Whatever the motives, be they geopolitical, military, economic, space becomes the frontier, and you know every week that some new innovation is going to be proposed, new patents are going to accepted. Space is exciting. These innovations make headlines, and these articles filter down the educational pipeline, everybody in school knows about it. You don't have to set up programs to convince people that being an engineer is cool, they will know it just by the cultural presence of those activities.

You do that it will jump start our dreams. And you know that innovation drives economies, especially true since the industrial revolution.

Convinced that we’ve stopped dreaming about tomorrow, Tyson argues that NASA is needed for more than just scientific progress. A national effort to become more involved in the exploration of the cosmos will, he claims, reinvigorate our collective culture as well as the economy.

Despite provoking controversy from certain religious groups, Tyson has also frequently appeared on popular shows like The Colbert Report to promote the funding of science and interest in scientific endeavors among the public at large. He has been a leader in using social media to engage with his fans, with more than 3 million followers on Twitter.

Bill Nye is another vocal advocate for science in mainstream culture. A former mechanical engineer at Boeing, Nye hosted a television show called, Bill Nye the Science Guy, throughout the '90s. He used humor and easy-to-replicate experiments to demonstrate to children how scientific concepts relate to everyday life. Since the conclusion of his show, Nye has frequently appeared in other shows and series with a scientific bent, including 100 Greatest Discoveries and The Eyes of Nye. In recent years, Nye has used his stature and popularity to advocate for the reality of global climate change, encouraging sustainable energy and the importance of scientific literacy.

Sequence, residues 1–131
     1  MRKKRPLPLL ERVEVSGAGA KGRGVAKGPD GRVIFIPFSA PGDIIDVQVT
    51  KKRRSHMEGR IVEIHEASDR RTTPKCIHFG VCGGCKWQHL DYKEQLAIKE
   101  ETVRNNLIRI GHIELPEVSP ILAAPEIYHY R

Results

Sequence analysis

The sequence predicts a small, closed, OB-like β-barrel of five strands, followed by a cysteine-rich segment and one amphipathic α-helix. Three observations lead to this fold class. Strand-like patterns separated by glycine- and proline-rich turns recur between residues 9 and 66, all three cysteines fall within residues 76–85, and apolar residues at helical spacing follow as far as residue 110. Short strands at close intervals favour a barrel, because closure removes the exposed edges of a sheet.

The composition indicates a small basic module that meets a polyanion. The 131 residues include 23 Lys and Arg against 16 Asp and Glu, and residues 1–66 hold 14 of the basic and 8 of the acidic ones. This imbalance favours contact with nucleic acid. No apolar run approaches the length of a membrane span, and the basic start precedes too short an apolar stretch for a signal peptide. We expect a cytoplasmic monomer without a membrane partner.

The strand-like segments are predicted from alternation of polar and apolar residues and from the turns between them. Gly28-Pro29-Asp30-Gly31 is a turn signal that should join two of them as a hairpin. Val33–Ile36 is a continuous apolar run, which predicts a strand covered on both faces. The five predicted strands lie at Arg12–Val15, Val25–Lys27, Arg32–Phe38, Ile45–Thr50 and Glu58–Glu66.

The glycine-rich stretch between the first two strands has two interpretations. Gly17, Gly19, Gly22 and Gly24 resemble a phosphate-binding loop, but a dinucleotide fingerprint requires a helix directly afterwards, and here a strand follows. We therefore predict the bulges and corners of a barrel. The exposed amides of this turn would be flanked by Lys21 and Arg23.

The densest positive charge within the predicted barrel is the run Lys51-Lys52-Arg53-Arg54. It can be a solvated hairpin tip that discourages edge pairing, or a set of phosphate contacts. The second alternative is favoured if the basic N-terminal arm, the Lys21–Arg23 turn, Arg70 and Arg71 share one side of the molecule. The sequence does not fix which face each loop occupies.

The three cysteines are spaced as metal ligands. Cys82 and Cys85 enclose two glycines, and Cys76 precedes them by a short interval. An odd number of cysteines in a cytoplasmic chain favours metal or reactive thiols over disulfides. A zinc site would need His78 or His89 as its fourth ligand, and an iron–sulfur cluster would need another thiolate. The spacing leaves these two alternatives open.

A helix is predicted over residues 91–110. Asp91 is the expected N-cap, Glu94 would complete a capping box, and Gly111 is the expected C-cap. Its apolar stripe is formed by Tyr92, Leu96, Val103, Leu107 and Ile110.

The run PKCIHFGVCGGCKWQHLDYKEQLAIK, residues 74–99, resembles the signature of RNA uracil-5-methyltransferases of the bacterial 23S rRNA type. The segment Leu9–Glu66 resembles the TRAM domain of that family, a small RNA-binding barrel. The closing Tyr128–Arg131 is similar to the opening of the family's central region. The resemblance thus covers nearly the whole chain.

While it seems impossible to construe better science education as a bad thing, the aforementioned champions of scientific rationality nevertheless face serious challenges. Because many of the issues that they care about most are politically charged, they often encounter opposition from people on the other side of the facts. This has led some of their adversaries not only to question the validity of certain views held on specific topics, but overall value of science and its capacity to illuminate the natural order of the universe. Additionally, in certain subsets of the population, science is perceived to be a dull business, only of interest only to “nerds” and other socially maladjusted individuals.

It's clear that understanding facts about the world around us will likely become even more important as scientific discoveries play an ever-increasing role in daily affairs. The strength of the United States as a society will hinge on the ability of the electorate and government officials to enact policies that promote a better understanding of science and the natural world. Science communicators therefore have an important role to play in educating the public on matters that affect every one of us.

Space as Culture by Neil DeGrasse Tyson (Keynote speech at the 28th National Space Symposium) 

Beth Kelly is a is a freelance writer from Chicago, IL. A lifelong fan of Carl Sagan, she has always nurtured a passion for both science and literature. In her free time, you can find her training for triathlons, shooting film photography or teaching her pet rabbit new tricks. You can find her on Twitter at @ bkelly_88

Carl Sagan Writes a Letter to 17-Year-Old Neil deGrasse Tyson (1975)